I cannot definitively say that things will never be the same here in Philadelphia, but what I do know is that there's never been a better time in my life to be a Philadelphia sports fan than right now.

Update: Some not good news to pass along, unfortunately: Chris Pronger needs surgery. He'll be out 4-6 weeks with a broken foot. Not good. Sure glad Paul Holmgren brought in Andrej Meszaros and Sean O'Donnell.

It's Friday, Time to Dance

Let's face it, this week was all about Cliff Lee. He's back, everyone's thrilled and no one can wait for baseball season to start. It's all about Lee.

Thursday, December 16, 2010

Young Guns

With the Eagles in first place and the Phillies — OH MY GOD CLIFF LEE IS BACK! — dominating the local headlines, it's pretty easy to overlook the two Philadelphia teams that call the Wells Fargo Center home. But it'd be wise to start paying attention. Right now, both teams are streaking.

The Flyers beat the Canadiens 5-3 last night in Montreal just one night after defeating the Penguins. It was their fourth straight victory, and the Flyers have won 6 of their last seven games.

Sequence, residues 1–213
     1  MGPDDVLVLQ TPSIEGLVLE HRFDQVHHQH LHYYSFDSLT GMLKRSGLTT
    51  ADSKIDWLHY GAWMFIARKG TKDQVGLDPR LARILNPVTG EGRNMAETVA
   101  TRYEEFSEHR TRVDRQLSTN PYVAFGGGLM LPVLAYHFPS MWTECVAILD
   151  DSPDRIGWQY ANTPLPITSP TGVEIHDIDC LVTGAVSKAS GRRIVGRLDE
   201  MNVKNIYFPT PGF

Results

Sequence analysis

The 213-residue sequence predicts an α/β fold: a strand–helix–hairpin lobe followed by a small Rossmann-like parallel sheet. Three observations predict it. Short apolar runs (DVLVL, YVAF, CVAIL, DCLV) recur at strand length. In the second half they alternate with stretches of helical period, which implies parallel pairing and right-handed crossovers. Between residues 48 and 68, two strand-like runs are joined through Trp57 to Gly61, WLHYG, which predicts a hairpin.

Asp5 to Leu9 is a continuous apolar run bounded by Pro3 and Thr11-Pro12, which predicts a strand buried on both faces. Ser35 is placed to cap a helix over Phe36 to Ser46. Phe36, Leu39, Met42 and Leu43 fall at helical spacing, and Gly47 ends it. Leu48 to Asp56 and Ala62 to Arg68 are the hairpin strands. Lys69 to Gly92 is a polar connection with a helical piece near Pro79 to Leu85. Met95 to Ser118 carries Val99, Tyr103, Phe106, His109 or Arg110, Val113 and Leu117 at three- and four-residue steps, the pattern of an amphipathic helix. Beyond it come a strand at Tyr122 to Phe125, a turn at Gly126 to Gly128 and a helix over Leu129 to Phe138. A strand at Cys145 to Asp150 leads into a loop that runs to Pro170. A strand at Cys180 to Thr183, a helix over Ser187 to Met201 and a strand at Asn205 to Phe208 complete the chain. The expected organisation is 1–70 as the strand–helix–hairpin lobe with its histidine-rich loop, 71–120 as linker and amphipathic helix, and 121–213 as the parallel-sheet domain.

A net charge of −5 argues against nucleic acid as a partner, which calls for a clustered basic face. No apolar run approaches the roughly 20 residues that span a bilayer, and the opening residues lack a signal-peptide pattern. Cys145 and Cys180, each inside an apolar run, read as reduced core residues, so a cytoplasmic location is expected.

The Sixers easily defeated the Clippers 105-91 thanks to a huge third quarter, their third straight victory. Believe it or not, the 76ers are 5-2 in the month of December, winners of 5 of their last 6, 7 of their last 10, and have climbed out of the basement of the Eastern Conference. In fact, the Sixers currently reside in the 9 spot, just a half game behind the Milwaukee Bucks.

In both contests last night, it was the young guns leading the way. For the Flyers, 21-year-old James van Riemsdyk netted two goals including the game-winner, while the Sixers were led by 20-year-old point guard Jrue Holiday, who scored a game-high 24 points and added 6 rebounds and 5 assists with just one turnover.

First, I want to get this out of the way: Blake Griffin is an absolute stud. He's a monster on the boards, and his incredible athleticism allows him to score at all times. Last night, the Sixers actually did a very good job containing him, especially in the first half, yet at the midway point he still had 13 points and 12 rebounds, and by night's end, he had another absurd stat line of 20 points, 18 rebounds, 5 assists, a steal and a block. Whenever a shot came off the rim, you just had the feeling Griffin was getting the rebound. He completely controlled the glass.

John Wall is impressive. Really impressive. But the Rookie of the Year is Blake Griffin's to lose. He really is remarkable. It's amazing just how far modern medicine has come. Even after suffering a horrific injury to his knee, Griffin can still jump higher and quicker than just about anyone in the league. Microfracture surgery is no longer a dirty word in the NBA. Just ask Amare, who had himself quite an interesting finish last night.